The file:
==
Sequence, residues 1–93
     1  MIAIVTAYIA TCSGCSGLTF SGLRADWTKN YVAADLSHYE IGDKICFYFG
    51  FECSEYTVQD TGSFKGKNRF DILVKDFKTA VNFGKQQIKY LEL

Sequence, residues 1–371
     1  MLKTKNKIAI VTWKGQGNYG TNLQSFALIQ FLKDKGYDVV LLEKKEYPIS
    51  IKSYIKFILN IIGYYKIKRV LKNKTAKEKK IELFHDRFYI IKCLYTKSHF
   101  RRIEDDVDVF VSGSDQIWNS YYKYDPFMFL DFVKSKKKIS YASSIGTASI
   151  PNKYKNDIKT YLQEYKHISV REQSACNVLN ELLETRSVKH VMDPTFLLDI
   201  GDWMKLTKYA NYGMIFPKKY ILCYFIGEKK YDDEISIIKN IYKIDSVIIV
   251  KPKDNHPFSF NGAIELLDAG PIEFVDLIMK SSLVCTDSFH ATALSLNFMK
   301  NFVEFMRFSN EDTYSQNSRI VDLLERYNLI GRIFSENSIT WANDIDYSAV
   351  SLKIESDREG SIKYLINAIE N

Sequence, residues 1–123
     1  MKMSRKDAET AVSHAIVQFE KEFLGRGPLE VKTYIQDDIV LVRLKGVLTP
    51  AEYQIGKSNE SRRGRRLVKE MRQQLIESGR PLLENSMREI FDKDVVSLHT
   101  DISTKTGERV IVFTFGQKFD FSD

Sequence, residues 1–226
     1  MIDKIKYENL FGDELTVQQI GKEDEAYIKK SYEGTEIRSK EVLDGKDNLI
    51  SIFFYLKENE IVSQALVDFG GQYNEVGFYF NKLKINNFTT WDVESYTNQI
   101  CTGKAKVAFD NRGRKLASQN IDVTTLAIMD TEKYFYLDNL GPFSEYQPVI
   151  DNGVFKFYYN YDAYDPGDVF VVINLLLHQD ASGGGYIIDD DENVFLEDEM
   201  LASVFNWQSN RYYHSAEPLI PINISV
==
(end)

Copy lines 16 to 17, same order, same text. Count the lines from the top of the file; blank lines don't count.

   101  DISTKTGERV IVFTFGQKFD FSD

Sequence, residues 1–226